On the Rational Boundedness of Cognitive Control: Independent vs. Interactive Parallelism (Cosyne 2019)

On the Rational Boundedness of Cognitive Control: Independent vs. Interactive Parallelism (Cosyne 2019)

One of the most compelling characteristics of controlled processing is our limitation to exercise it. These limitations form one of the most basic and influential tenets of cognitive psychology: controlled processing relies on a central, limited capacity processing mechanism that imposes seriality on control-dependent processes. In the first part of this talk, I present a challenge to this view that distinguishes control-dependent and automatic processing by their reliance on shared vs. separated (task-dedicated) representations. Specifically, I propose that control functions to avert conflicting use of representations shared by multiple processes. That is, constraints on the use of control arise as a rational response to the shared use of representations, rather than from the control mechanism itself. I use graph-theoretic methods to formalize this theory, and show that multitasking capability of a network architecture drops precipitously with an increase in shared representations, and is virtually invariant to network size. This raises an important question: insofar as shared representation introduces the risk of cross-talk and thereby limitations in multitasking, why would the brain prefer shared task representations over separate ones? In computational simulations and behavioral experiments I demonstrate a tradeoff between learning efficiency, promoted by shared representations, and multitasking capability, best achieved via separated representations. The commonly-observed trajectory from controlled to automatic processing during learning may therefore reflect a rational optimization of this tradeoff: shared representations initially afford a bias toward efficient learning in novel task environments at the expense of seriality and control-dependence; but experience in environments where multitasking affords sufficient advantage ultimately promotes acquisition of separated, task-dedicated representations.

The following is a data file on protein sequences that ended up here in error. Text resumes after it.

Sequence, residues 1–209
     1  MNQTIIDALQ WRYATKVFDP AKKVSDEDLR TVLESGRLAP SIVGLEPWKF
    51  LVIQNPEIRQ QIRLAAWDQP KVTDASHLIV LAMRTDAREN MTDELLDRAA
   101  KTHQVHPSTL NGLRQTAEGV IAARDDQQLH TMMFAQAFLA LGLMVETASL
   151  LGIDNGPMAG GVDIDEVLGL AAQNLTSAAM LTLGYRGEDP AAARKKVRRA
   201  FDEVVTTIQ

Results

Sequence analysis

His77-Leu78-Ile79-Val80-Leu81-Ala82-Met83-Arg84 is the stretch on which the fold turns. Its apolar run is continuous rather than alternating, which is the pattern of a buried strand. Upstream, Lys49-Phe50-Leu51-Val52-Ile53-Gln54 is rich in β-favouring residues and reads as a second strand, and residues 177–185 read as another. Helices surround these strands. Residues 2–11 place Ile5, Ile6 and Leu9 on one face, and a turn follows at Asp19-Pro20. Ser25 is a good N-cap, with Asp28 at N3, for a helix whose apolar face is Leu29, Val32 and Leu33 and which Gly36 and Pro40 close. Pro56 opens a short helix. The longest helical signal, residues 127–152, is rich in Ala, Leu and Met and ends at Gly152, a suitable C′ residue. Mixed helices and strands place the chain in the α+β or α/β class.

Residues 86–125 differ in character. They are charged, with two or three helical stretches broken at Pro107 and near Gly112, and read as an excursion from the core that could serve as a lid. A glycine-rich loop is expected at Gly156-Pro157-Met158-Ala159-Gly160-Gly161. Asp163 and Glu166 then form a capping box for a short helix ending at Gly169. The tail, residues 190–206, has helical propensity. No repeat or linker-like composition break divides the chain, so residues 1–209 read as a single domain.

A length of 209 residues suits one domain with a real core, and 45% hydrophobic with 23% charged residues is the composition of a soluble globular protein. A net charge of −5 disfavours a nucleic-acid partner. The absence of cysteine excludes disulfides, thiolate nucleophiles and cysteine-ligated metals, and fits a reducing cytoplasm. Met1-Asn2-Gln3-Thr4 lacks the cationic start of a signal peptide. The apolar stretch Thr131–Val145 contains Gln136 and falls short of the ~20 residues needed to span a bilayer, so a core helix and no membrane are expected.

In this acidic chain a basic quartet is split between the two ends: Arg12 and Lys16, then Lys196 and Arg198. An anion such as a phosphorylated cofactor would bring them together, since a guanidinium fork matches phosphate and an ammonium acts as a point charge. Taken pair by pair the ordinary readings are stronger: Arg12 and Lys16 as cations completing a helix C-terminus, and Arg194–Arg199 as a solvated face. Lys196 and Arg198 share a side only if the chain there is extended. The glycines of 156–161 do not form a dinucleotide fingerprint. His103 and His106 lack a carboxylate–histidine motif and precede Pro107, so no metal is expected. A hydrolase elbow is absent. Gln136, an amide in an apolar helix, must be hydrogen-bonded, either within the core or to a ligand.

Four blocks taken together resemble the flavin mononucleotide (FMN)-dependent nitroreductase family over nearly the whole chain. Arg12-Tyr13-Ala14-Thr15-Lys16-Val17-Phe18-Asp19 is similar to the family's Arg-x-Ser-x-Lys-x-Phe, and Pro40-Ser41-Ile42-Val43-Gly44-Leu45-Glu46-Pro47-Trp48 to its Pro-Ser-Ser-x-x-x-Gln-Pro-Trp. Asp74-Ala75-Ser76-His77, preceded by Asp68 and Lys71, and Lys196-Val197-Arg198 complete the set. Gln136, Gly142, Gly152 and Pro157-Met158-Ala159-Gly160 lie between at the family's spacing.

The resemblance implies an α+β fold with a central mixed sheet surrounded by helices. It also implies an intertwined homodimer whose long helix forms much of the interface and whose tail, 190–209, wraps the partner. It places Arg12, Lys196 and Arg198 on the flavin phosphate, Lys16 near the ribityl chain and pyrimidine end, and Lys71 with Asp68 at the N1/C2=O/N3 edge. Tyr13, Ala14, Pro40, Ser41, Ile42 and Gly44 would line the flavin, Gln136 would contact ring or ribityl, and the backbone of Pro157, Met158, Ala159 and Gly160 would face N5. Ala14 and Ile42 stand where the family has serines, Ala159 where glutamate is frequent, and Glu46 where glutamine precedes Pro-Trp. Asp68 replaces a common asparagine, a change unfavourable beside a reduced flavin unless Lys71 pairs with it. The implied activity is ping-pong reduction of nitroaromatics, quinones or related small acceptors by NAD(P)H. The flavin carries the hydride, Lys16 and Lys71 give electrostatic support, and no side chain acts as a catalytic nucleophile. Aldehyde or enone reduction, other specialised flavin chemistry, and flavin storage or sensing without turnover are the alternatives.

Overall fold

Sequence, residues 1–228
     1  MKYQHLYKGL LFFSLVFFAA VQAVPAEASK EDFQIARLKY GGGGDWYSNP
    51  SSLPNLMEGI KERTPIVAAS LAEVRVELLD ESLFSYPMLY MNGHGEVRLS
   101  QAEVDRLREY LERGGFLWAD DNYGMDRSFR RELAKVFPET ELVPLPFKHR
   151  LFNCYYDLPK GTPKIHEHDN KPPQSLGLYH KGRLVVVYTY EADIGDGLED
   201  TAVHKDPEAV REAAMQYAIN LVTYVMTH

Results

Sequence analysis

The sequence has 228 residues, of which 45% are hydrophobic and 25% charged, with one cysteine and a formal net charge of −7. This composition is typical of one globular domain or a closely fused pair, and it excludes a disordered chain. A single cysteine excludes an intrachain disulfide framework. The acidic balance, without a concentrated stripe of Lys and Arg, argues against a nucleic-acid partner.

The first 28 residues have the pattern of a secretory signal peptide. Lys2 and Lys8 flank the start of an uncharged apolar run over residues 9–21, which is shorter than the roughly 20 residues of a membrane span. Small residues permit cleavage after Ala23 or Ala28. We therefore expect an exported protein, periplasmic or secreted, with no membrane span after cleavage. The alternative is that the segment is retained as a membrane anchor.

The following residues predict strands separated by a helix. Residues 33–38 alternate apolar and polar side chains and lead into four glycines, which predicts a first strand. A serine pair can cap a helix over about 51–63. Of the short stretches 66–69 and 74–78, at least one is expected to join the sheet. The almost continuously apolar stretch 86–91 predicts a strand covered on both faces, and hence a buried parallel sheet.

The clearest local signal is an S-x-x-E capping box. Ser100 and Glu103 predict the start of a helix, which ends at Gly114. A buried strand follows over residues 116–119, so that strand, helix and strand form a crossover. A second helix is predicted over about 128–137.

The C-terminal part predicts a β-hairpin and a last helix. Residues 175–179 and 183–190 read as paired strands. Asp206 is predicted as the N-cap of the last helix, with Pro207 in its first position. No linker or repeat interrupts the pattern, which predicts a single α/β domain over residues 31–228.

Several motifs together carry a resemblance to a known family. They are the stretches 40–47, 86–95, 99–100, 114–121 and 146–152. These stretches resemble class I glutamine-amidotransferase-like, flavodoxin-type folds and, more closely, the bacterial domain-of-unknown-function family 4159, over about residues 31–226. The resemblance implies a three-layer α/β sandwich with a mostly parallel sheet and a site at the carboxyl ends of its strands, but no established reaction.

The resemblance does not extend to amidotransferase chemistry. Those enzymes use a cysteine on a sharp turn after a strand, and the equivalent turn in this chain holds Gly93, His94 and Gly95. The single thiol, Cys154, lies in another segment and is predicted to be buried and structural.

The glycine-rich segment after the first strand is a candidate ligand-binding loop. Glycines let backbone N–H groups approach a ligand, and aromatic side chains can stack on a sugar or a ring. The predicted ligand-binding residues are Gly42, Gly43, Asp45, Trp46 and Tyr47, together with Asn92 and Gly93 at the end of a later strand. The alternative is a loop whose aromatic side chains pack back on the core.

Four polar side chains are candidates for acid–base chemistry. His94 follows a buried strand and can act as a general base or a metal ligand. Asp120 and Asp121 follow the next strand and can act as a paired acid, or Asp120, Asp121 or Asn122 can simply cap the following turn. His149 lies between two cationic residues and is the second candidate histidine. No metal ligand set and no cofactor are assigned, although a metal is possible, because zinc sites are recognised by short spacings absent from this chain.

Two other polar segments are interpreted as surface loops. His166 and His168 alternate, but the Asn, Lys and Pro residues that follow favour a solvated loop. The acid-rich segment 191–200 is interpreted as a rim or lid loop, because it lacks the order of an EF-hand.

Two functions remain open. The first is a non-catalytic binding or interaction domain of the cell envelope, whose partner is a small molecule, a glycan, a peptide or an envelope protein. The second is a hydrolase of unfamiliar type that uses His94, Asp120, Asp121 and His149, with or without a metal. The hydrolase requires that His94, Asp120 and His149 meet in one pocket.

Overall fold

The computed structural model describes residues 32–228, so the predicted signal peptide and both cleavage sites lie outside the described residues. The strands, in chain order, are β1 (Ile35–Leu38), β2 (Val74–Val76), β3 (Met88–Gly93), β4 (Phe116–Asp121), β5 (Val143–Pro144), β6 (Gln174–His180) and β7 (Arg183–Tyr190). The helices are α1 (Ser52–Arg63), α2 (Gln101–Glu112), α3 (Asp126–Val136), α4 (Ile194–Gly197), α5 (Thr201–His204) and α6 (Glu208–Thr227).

Sebastian Musslick

March 04, 2019